Encapsulation and the meaning of control.

Encapsulation is the concept that we as developers should control how a user of our code will access the underlying data. This idea provides the benefit of allowing the developer to decide exactly how the class is used and how the underlying data is manipulated. This also prevents the users of our classes from using them incorrectly and abstracts the users from having to know exactly how our class works.

One of the easiest ways of accomplishing Encapsulation is by setting your variable to privates and then control the access through the use of getters and setters. It has become common practice that when you create a new global variable in a class, you make it private, and write a simple getter and setter for that variable. It is so common now that my IDE does it automatically for me with some comments about how it was auto-generated. Encapsulation needs to be implemented in your code, however it's commonly dumbed down the purpose of a class to simply hold values assigned to it, and return them blindly. This in effect removes the benefits of encapsulation while still applying to the rule.

public class Circle {

 private double radius;
 private double diameter;
 private double area;
 private double circumference;

 public double getRadius() {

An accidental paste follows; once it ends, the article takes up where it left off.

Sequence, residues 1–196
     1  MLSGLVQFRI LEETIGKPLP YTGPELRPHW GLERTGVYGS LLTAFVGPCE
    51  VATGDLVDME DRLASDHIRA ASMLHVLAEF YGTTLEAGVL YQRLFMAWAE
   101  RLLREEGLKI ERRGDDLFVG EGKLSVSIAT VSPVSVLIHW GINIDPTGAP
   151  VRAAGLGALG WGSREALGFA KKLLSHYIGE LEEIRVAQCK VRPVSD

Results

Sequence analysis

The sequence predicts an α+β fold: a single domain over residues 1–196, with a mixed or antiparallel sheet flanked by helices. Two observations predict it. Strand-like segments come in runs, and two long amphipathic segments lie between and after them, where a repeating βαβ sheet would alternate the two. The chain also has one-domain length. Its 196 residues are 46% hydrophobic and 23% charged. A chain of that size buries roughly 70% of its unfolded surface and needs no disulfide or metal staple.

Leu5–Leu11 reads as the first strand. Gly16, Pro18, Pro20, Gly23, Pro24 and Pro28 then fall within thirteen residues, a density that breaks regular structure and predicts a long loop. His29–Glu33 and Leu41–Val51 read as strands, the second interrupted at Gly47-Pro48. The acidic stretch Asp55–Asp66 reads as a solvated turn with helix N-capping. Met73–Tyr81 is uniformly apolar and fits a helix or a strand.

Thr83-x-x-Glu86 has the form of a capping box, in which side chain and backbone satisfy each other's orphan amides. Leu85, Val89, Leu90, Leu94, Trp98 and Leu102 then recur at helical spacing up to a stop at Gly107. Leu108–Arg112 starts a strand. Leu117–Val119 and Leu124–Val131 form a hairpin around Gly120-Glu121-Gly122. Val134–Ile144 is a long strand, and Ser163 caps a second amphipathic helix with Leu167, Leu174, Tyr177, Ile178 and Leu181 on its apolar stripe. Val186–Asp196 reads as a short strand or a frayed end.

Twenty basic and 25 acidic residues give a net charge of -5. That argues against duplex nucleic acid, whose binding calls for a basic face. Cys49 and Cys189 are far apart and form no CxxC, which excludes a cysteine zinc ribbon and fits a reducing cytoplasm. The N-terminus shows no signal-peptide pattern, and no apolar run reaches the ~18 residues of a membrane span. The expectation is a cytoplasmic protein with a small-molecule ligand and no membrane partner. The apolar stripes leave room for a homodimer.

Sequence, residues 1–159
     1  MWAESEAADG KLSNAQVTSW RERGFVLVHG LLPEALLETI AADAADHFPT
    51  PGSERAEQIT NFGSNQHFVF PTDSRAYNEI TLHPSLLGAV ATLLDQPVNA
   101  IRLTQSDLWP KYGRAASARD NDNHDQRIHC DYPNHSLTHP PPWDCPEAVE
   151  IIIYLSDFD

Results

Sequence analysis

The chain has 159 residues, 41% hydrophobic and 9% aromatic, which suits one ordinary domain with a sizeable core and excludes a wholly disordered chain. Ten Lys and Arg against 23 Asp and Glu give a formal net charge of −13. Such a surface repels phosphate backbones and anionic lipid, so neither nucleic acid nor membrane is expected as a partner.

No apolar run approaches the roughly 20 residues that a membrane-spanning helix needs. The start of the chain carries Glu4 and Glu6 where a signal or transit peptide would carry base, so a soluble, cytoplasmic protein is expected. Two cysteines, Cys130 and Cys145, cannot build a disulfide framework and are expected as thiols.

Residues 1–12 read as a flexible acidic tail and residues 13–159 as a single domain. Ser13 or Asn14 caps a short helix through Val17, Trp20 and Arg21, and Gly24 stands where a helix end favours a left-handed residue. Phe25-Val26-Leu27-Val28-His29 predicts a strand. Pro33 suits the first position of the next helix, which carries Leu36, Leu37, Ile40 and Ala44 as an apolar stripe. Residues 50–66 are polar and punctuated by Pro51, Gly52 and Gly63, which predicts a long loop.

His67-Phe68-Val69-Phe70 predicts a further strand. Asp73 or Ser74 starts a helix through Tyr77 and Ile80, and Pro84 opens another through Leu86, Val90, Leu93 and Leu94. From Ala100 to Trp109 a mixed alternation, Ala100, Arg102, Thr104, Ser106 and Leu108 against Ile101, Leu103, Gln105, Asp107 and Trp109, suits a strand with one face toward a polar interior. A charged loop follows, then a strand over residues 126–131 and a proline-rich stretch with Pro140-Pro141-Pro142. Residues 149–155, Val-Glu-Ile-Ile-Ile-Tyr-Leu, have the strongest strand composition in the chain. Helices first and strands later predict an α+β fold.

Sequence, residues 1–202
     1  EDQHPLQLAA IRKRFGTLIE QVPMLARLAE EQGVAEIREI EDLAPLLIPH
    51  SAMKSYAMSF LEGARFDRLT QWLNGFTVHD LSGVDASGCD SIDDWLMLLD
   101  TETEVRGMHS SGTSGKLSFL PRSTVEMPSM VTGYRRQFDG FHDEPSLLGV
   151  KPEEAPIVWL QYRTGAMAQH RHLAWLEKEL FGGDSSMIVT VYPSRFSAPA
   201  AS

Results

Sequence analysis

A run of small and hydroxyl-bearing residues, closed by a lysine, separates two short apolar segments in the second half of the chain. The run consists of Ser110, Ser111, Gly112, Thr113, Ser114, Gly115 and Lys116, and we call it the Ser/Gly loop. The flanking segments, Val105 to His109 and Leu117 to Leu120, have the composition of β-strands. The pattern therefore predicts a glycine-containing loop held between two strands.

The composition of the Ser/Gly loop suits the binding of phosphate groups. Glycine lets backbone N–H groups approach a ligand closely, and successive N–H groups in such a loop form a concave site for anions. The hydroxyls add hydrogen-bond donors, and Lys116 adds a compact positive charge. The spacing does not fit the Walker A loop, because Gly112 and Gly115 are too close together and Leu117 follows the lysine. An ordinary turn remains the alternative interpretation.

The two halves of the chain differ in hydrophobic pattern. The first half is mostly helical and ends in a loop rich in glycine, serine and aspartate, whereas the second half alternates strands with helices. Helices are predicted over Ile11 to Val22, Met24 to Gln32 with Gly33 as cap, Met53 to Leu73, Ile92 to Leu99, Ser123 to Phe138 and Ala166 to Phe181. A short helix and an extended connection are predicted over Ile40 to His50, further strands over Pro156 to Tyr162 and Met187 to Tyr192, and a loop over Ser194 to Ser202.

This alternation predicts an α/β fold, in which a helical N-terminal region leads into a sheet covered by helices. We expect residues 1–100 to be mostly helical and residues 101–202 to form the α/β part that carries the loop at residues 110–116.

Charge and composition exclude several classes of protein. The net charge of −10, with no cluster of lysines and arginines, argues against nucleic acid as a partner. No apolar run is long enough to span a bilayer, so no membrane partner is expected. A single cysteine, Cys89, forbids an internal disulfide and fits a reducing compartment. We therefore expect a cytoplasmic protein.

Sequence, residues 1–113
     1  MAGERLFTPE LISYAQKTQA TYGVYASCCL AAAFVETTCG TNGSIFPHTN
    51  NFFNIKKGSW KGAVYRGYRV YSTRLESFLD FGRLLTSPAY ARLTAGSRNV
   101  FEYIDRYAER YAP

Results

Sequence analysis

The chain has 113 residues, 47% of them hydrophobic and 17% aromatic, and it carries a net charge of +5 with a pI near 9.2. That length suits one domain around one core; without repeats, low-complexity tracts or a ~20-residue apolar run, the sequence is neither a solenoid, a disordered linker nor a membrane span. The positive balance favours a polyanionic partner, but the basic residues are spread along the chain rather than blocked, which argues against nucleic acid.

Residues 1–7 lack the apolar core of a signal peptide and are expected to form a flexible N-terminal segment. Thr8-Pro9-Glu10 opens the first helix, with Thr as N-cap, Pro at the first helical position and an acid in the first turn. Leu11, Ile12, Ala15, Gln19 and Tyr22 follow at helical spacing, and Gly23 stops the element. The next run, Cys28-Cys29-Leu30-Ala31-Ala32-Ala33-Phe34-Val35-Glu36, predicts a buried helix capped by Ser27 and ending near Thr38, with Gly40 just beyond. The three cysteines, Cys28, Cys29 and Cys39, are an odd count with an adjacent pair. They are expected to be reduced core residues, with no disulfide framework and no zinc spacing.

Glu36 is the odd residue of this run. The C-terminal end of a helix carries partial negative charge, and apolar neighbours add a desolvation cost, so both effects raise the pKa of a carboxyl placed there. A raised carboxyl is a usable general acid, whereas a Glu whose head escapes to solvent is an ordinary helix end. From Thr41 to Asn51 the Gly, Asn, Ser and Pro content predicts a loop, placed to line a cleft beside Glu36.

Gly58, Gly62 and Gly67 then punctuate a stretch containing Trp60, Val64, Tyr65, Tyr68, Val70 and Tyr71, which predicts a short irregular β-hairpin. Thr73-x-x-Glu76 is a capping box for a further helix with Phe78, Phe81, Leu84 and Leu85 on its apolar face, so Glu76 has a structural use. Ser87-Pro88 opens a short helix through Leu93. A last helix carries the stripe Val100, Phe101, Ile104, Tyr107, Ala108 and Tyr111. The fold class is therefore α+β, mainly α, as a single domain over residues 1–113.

return radius;
 }
 public void setRadius(double radius) {
 this.radius = radius;
 }
 public double getDiameter() {
 return diameter;
 }
 public void setDiameter(double diameter) {
 this.diameter = diameter;
 }
 public double getArea() {
 return area;
 }
 public void setArea(double area) {
 this.area = area;
 }
 public double getCircumference() {
 return circumference;
 }
 public void setCircumference(double circumference) {
 this.circumference = circumference;
 }
}

This class is perfectly encapsulated, so this will pass all you quality checks and gates that would prevent a variable from be directly accessed by an outside caller. However, nothing is preventing any outside caller from directly manipulating the data though, defeating the original benefit of encapsulation. This version of Circle could be created and manipulated like this:

public void createCircle(){

 Circle c = new Circle();
 c.setRadius(3);
 c.setDiameter(6);
 // area = Π * radius^2
 c.setArea(Math.PI * (3^2));
 // circumference = 2Π * radius^2
 c.setRadius(2 * Math.PI * 3);

}